Market Analysis: Royal Mail - Cost Reductions Driving Improved Margins & Premier Foods - A Business With Momentum
Royal Mail - cost reductions driving improved margins; parcel automation is mid-term challenge. Ben Nuttall, Senior Analyst at Third Bridge comments on Royal Mail's trading update.
“Ofcom, which regulates the Royal Mail, considers 5-10% EBIT margins reasonable, and Royal Mail continues to come in on the low end of this scale.”
“Changes Royal Mail have put in place to bring down their costs are translating, and should continue to drive, better margin. In the medium-term one of the key challenges for Royal Mail is its low level of parcel automation.”
“Plans for parcel hubs in Warrington and the Midlands, which combined should be able to process 1.6m parcels a day, could take a chunk out Royal Mail's cost base and help bring it in line with other parcel competitors.”
“Royal Mail’s international arm GLS, the smaller but more profitable part of the group, has supported the business through tough times.”
“GLS has carved itself a significant niche in day-definite international delivery. Day-definite is taking share from time-definite where players such as UPS, DHL and FedEx are very strong.”
“As the UK begins to open up parcel volumes have declined compared to last year down 13%, but there are early signs that some of the behaviour of buying online is sticking as domestic parcels remain 19% above 2019 levels.”
“International parcel volumes were down more, as we still see impacts of passenger flights reducing air freight capacity and increased conveyance costs as well as Brexit impacts while the country transitions into a new trade deal.”
“Overall structural letter decline continues compared to 2019, but there is a nice jump from last year as businesses reopen compared to the same period last year.”
“Any decline in volumes in parcels has been more than offset by pricing increases, showing lasting benefits for Royal Mail of delivering last year under tough conditions when we all wanted home delivery.”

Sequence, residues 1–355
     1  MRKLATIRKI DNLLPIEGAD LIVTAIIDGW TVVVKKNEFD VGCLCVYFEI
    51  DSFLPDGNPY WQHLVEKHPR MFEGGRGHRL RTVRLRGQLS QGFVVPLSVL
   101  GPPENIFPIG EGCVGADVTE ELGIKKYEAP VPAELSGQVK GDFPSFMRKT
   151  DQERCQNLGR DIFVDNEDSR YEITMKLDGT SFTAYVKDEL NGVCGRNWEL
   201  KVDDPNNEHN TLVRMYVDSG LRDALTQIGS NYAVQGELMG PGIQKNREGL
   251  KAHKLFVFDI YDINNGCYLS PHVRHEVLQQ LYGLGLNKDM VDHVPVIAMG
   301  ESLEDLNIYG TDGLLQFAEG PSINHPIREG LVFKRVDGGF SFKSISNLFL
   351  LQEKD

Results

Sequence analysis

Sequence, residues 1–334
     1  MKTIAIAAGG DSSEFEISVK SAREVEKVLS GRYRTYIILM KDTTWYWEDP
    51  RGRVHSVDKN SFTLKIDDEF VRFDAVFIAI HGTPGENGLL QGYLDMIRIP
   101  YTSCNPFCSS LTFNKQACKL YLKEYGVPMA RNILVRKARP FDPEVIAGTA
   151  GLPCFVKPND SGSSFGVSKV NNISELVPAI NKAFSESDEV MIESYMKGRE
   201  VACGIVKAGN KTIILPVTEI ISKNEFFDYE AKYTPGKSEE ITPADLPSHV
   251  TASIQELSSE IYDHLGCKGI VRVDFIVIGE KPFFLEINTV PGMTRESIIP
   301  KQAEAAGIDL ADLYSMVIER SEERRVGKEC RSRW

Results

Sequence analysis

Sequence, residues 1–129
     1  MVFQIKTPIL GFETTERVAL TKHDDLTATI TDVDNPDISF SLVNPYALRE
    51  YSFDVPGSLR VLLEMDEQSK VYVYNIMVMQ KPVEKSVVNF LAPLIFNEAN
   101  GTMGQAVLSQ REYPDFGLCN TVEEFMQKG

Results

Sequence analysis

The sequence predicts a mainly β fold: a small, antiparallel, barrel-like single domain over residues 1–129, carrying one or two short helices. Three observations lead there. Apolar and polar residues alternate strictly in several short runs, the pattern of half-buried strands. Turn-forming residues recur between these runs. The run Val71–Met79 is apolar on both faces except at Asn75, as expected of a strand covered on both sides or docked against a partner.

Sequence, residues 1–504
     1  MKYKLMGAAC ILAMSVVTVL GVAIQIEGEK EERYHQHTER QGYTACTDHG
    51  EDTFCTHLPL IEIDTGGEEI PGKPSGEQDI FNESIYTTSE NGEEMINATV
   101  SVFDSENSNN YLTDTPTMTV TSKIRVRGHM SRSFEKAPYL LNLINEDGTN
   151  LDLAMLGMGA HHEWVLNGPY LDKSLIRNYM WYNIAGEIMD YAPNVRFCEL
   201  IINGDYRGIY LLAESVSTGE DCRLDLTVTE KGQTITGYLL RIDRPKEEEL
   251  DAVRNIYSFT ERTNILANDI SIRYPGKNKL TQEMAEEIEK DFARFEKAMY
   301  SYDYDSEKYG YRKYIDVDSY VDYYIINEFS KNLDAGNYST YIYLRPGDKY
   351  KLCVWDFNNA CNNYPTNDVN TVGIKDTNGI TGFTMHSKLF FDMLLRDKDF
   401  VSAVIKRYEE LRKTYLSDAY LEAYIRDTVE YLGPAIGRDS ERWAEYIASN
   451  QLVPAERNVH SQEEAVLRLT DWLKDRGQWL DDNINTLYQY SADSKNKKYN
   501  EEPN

"Premier Foods is a business with momentum on growth where they need it," says Third Bridge Senior Analyst Alex Smith:
"Our experts say CEO Alex Whitehouse has done a good job with the turnaround. They see a focus and increased investment on core categories such as cooking sauces, accompaniments, and ambient cakes, and to a smaller extent quick meals, flavourings and seasonings. Lesser brands, like Marvel, Lyons, and Smash have been de-prioritised."
"A change in ownership at ASDA as well as private equity interest in Morrisons and Sainsbury’s could well trigger fresh cost negotiations between the big supermarkets and suppliers like Premier Foods. The prospect of increased competition will spur those that can eke out a cost advantage to do so now."
"Investors will be looking for any signals that the so-called 'pingdemic' might hamper Premier Foods production plans."
"Premier Foods is encountering higher prices for raw materials and ingredients. Some of this cost pressure is linked to the global economy, but Brexit, complex logistics, and elevated tin prices are all playing a role."
Third Bridge is a global primary research firm that interviews more than 6,000 internationally recognised industry experts and business leaders a year to compile 360-degree market intelligence for institutional investors. www.thirdbridge.com